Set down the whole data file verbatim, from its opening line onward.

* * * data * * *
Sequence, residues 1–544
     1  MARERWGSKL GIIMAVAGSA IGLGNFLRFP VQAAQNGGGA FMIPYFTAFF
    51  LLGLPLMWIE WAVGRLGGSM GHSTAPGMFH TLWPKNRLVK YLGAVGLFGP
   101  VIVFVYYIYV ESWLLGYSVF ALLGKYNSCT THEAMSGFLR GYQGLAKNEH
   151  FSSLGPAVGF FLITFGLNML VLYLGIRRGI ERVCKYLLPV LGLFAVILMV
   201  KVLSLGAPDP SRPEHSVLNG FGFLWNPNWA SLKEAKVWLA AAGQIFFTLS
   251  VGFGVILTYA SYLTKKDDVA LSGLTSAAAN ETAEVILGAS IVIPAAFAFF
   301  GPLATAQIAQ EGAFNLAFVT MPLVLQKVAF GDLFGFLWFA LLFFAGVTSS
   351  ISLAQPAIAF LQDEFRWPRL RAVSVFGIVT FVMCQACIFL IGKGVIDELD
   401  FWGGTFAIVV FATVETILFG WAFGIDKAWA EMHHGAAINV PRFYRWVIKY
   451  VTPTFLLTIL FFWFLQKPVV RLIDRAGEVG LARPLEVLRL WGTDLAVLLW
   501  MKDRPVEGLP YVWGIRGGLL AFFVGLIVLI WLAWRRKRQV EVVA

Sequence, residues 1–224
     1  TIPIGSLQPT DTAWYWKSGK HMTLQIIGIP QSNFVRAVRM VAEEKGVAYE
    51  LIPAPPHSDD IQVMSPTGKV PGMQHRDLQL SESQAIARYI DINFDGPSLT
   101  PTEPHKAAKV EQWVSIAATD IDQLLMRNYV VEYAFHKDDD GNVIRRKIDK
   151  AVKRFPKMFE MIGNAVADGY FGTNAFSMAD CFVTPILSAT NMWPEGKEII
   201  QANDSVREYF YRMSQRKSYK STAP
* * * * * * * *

Sequence, residues 1–544
     1  MARERWGSKL GIIMAVAGSA IGLGNFLRFP VQAAQNGGGA FMIPYFTAFF
    51  LLGLPLMWIE WAVGRLGGSM GHSTAPGMFH TLWPKNRLVK YLGAVGLFGP
   101  VIVFVYYIYV ESWLLGYSVF ALLGKYNSCT THEAMSGFLR GYQGLAKNEH
   151  FSSLGPAVGF FLITFGLNML VLYLGIRRGI ERVCKYLLPV LGLFAVILMV
   201  KVLSLGAPDP SRPEHSVLNG FGFLWNPNWA SLKEAKVWLA AAGQIFFTLS
   251  VGFGVILTYA SYLTKKDDVA LSGLTSAAAN ETAEVILGAS IVIPAAFAFF
   301  GPLATAQIAQ EGAFNLAFVT MPLVLQKVAF GDLFGFLWFA LLFFAGVTSS
   351  ISLAQPAIAF LQDEFRWPRL RAVSVFGIVT FVMCQACIFL IGKGVIDELD
   401  FWGGTFAIVV FATVETILFG WAFGIDKAWA EMHHGAAINV PRFYRWVIKY
   451  VTPTFLLTIL FFWFLQKPVV RLIDRAGEVG LARPLEVLRL WGTDLAVLLW
   501  MKDRPVEGLP YVWGIRGGLL AFFVGLIVLI WLAWRRKRQV EVVA

Sequence, residues 1–224
     1  TIPIGSLQPT DTAWYWKSGK HMTLQIIGIP QSNFVRAVRM VAEEKGVAYE
    51  LIPAPPHSDD IQVMSPTGKV PGMQHRDLQL SESQAIARYI DINFDGPSLT
   101  PTEPHKAAKV EQWVSIAATD IDQLLMRNYV VEYAFHKDDD GNVIRRKIDK
   151  AVKRFPKMFE MIGNAVADGY FGTNAFSMAD CFVTPILSAT NMWPEGKEII
   201  QANDSVREYF YRMSQRKSYK STAP